How this started

A couple of friends have suggested I post a piece about “the thinking” behind this blog, how it all came about and so on.

How and why indeed, I ask myself? Is there a cognitive process that can actually be called “thinking” behind it, I wonder?

As a freelance journalist, I’ve often thought about having a website but have never got around to it. There are lots of reasons why I think it’s a good idea – publicity is the main one – but I really don’t know much about this ‘ere cyberlark. I read a couple of blogs fairly often (this one and these from the Guardian) and find them alternately fascinating and really bloody irritating. On one level, the whole notion of a weblog is supremely indulgent. On another, the blogosphere seems to be a very small world, with a few dedicated, even obsessive posters dominating the conversation. And some of the time (as with that guy who tried to blog about his gap year on the Grauniad travel site) it’s downright nasty.

But, like every other mid-30s journalist I feel times are a changin’ and the old model of being commissioned to write a piece by a newspaper or magazine for a certain amount of money may come under pressure as more and more people take their reading and writing habits to the web. Plus, I can write stuff here that I want to write without squaring it with anyone first. If you, as a reader, don’t like what you read you simply won’t come back so that should keep me focused.

Also – and this is where I tackled the self-indulgence problem – a good blog, like any good column, view or opinion published anywhere, should say something about life, the universe and everything which other people can relate to. If there’s a nugget of general truth within the highly personal ranting and raving, it may just add a teeny tiny amount to the sum of greater human knowledge and understanding and I’m all for that.

What’s really got me going now is hearing Clay Shirky speak at the Edinburgh TV Festival just over a week ago. Before then, I didn’t understand why someone who is paid to write would want to write for free on an open blog.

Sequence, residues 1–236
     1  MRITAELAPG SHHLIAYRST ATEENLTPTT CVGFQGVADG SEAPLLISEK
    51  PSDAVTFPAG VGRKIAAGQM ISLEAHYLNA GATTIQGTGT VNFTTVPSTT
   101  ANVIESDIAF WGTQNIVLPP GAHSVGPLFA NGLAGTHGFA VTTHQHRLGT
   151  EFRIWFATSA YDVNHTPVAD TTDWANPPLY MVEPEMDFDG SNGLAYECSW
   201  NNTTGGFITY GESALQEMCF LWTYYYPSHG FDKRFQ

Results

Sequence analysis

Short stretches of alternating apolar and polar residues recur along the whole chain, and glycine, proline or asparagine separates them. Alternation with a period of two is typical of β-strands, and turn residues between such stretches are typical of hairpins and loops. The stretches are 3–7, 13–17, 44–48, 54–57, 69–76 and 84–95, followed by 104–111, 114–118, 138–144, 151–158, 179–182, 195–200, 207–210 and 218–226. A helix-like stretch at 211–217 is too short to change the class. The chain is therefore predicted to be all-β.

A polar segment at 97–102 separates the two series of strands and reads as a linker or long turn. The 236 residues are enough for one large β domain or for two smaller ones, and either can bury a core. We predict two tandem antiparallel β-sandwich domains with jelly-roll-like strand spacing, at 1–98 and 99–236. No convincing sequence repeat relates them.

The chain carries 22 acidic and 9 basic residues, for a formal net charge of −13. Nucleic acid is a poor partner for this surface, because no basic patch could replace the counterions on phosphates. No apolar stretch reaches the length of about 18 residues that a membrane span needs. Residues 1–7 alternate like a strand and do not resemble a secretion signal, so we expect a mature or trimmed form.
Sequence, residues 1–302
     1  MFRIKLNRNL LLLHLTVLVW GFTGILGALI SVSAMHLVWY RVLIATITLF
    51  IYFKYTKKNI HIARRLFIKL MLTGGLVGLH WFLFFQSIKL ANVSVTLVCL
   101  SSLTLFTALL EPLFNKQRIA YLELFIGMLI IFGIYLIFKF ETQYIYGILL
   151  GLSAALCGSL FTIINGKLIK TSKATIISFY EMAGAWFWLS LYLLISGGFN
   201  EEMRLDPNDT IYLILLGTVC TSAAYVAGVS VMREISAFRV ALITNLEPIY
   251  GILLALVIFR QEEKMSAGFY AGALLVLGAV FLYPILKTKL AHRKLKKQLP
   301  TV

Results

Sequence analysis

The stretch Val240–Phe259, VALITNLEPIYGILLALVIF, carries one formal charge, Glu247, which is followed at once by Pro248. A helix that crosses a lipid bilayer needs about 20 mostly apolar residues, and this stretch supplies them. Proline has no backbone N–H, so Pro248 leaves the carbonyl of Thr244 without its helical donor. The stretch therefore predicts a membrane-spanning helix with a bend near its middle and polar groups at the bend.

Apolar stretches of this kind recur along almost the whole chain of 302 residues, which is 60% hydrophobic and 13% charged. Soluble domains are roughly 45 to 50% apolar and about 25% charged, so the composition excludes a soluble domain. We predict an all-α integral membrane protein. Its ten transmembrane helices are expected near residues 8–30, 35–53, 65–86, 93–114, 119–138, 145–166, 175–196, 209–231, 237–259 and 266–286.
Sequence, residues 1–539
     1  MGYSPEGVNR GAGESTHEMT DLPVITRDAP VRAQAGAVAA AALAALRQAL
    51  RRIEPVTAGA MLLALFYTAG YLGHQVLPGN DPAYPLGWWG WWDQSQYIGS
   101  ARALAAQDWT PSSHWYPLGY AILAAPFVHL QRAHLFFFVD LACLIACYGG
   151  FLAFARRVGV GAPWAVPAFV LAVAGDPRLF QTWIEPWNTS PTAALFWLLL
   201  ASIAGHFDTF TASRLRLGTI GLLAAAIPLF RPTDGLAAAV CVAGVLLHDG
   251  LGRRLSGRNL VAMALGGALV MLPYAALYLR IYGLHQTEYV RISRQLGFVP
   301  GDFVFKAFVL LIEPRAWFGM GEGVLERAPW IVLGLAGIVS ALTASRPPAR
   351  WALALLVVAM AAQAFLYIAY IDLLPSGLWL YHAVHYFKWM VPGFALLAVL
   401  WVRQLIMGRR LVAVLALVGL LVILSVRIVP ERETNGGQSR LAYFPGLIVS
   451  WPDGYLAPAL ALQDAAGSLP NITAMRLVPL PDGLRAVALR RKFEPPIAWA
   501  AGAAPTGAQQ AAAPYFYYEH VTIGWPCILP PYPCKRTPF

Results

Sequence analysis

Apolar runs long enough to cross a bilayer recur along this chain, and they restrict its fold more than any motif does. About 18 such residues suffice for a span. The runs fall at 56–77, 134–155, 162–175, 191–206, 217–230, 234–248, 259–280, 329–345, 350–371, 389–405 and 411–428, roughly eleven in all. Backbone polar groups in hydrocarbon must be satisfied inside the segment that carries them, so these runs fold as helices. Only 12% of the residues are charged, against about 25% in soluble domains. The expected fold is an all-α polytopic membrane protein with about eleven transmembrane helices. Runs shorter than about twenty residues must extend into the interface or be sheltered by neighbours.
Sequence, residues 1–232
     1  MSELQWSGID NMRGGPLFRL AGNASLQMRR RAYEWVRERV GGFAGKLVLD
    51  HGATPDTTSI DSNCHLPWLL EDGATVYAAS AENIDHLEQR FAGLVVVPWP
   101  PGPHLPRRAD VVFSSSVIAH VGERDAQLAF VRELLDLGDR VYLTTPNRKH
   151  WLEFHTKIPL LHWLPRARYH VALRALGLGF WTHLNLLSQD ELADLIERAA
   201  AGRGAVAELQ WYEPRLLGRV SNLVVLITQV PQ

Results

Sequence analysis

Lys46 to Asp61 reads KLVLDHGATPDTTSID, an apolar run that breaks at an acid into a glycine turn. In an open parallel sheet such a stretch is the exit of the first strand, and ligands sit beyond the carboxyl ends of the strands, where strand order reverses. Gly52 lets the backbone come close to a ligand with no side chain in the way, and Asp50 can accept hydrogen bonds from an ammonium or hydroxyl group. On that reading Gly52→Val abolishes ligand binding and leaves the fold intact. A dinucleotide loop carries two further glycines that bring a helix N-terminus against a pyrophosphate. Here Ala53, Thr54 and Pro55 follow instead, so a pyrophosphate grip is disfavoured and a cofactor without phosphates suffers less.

Now, I totally get it. Mr Shirky talked about a friend of his who posted short videos of himself doing funny stuff on a website and, pretty soon – through donations and subscriptions, some advertising and some direct sales of mugs and t-shirts with his catchphrases on – he’d paid his rent. Because he was a one-man band, he didn’t need to earn a fortune from his blogging. And incrementally he built an online audience which allowed him to earn enough in micro-transactions to pay his rent. I only have six years to run on my mortgage, so I’m going to try the same trick.

Clay also said that the price of failure on the net is very low. Fear of failure has always, until now, held me back from going public with any sort of writing other than media business stuff, but knowing it’s not going to cost me much to fail, I’m inspired to have a go. If you don’t like what you see and you won’t pay for anything, well, screw you. There’s a new Waitrose opening in my home town soon and you get shares if you work for the John Lewis Partnership.

So I’ll give this blog a go for a while (quite a while; my friends say you’ve got to stick at it for a few years to get noticed) and see where we get. I also desperately need to crack Technorati, so if anyone knows what they’re talking about on that score, please get in touch.

Meanwhile this blog will evolve, hopefully it will get better and more interesting as we all get to know each other and it will certainly stop looking like a standard WordPress blog as soon as I have time to get things sorted out and sexed up.

Finally, I must thank a great friend who I’ve known for almost 20 years (which is scary, I can’t be that old) and who’s helped me get this far. He is Martin Thomson, a fellow alumnus of York University, Heslington, York who just happens to have racks of his own excellent websites. One I’d particularly recommend is for really shit-hot slogan t-shirts. My favourite is the one I came up with – “Fleece me, I’m a parent” for anyone and everyone taking their kids to some ‘family’ attraction which charges upwards of £50 for a family of four to just get inside, before offering them a phalanx of Westlers hotdogs and dried out fries retailing at £5 per meal. Plus the obligatory “merchandise”, again retailing at upwards of £5 for items that will disintegrate in the car on the way home.

If you’re a parent, buy one of these t-shirts and wear the freakin’ thing. Then boycott these stupidly expensive places and take the kids to the beach, a hill, a park or wherefookingever, just don’t pay over the odds for a really mediocre ‘family’ funtime experience.

Adieu and good evening.


lucecannon’s first ever post

The week in review

So what did we get from last weekend’s Edinburgh TV Festival, except for the usual three-day hangover and, possibly, a dose of the clap?

Well, we certainly saw quite a few “stars” up there which was nice – Jamie Oliver licking his lips as Jana, one blonde haired beauty from the Broadcast magazine team, went on stage to take part in a cookery demo. Methinks he is the red-blooded Essex boy we all want him to be. Oliver even said “Men think with their penises,” which, while true, is not what you’d expect to hear from a TV chef just hours into the one of the largest gatherings of TV executives in the calendar year.

His point, by the way, was that if men are to be taught something like how to cook they must be impressed and able to show off to their mates about it afterwards. Women are more complicated, more wrapped up in feelings and – I’ll say this bit for him – smothered in guilt about whether they should or shouldn’t be the one primarily shopping and cooking for husband/partner and children.